Role of PDE5 inhibitors on prostate carcinogenesis


A potential association between PDE5 inhibitors and prostate cancer progression dates back to the early 2000s when several preclinical studies have suggested a protective effect. Suppression of human prostatic cell growth in a mouse model was made possible through the use of Exisulind an anti-cancer agent derivative of Sulindac that inhibits PDE5 [20, 21]. In a similar study, a low dose of Exisulind combined with a typical type 2 cyclooxygenase inhibitor actually had inhibited tumor growth by improving apoptosis [22]. Serafini et al. had demonstrated stimulation of anti-tumor immunity by increasing nitric oxide and arginine by PDE5 inhibitors [23]. More recently, it had been shown that the PDE5 enzyme was strongly expressed in the prostatic stroma and only low doses of inhibitors were able to inhibit the proliferation of stromal cells [9]. By resisting hypoxia, PDE5I were also able to attenuate the proliferation of human prostate cancer cells in an animal model [17]. Indeed, cellular hypoxia induces an inhibition of the intracellular signaling pathway mediated by NO-cGMP and transforms prostate cancer cells into chemotherapy-resistant cells, capable of escaping immuno-surveillance. Treatment with PDE5I could, according to the authors make cancerous prostatic cells less resistant to chemotherapy.


Das et al. had demonstrated, in an in vitro study, an increase in the anti-tumor activity of Doxorubicin in prostate cancer cells treated with PDE5I [24]. Thus they have found an increase in the generation of free radicals and overexpression of caspase 3, an enzyme that plays a central role in cell apoptosis adding to a reduction in the expression of Bcl-xL, an anti-apoptotic protein. A more recent study conducted by the same team, had highlighted a new mechanism of synergy between PDE5 inhibitors and Doxorubicin involving NF-&kgr; B inactivation associated with anti-apoptotic factors in prostatic cells expressing CD95 [25]. By increasing the influx in tumoral tissues, PDE5I could play a facilitating role in combination with other anti-cancer molecules allowing them a better intra-tumoral penetration and restoration of their cytotoxic and/or immunomodulatory activities.


The clinical impact of PDE5 inhibitors on the development of prostate cancer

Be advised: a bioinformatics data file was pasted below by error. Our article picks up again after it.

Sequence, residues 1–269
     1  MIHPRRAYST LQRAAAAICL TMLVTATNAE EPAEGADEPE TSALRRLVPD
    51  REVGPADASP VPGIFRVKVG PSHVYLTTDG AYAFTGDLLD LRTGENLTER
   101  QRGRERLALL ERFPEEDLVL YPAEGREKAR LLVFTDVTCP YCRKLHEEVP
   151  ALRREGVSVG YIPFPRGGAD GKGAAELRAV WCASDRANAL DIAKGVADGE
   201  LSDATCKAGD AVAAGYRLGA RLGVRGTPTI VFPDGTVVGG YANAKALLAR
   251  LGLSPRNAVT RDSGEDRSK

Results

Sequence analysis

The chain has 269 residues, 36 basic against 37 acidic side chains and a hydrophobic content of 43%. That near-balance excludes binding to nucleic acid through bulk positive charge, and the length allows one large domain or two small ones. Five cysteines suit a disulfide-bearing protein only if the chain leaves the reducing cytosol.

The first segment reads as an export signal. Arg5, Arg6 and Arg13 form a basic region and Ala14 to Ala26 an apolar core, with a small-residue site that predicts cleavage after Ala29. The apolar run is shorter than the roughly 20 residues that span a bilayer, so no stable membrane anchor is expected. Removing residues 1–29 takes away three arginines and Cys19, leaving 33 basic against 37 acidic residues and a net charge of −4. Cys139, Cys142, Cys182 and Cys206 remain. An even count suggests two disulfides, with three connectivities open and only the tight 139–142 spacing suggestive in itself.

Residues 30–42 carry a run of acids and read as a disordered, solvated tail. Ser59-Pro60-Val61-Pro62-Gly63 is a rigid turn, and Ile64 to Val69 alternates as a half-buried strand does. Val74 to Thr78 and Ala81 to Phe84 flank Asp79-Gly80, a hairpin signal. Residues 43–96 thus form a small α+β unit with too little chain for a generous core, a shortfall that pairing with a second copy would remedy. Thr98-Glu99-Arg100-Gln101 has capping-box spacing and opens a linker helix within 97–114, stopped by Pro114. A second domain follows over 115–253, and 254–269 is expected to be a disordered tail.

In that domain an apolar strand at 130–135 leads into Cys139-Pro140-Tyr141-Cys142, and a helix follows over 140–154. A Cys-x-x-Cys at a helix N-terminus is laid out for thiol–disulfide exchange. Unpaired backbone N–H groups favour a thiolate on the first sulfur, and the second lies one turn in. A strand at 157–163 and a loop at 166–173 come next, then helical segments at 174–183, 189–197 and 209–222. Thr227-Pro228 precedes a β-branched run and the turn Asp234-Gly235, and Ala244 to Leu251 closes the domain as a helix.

In 2013, a retrospective study had shown a reduced incidence of prostate cancer in patients treated with PDE5 inhibitors [26]. Of the 4974patients suffering from erectile dysfunction, patients treated with PDE5I had a 60% reduction in risk of developing prostate cancer during the course of the study (OR=0.4, 95% CI: 0.3-0.5). This association between taking PDE5I and the reduced risk of prostate cancer could be related to increased ejaculatory frequency in treated patients compared to patients with erectile dysfunction without pharmacologic treatment. This increased ejaculatory frequency had been significantly associated with a reduced risk of prostate cancer in the large prospective cohort of Leitzmann [27].


However, a more recent cohort study with case-control had demonstrated no association between the use of PDE5I and prostate cancer risk [28].


In this study, 55.6% of patients who developed prostate cancer were on PDE5 inhibitors. In the group that did not develop prostate cancer 57.4% of patients were under PDE5I. A secondary analysis of the recently published "REDUCE" trial had also demonstrated the lack of association between the use of PDE5I and prostate cancer risk [29]. In this study, men with negative prostate biopsies were included and repeated biopsy at 2 and 4 years. The detection rate of prostate cancer in this study was 19.5% in patients treated with PDE5I vs. 22.7% in patients not receiving PDE5I (OR=0.83, 95% CI 0.63-1.08, P =0.161). No statistically significant association was found between taking PDE5 inhibitors and the aggressiveness of cancer.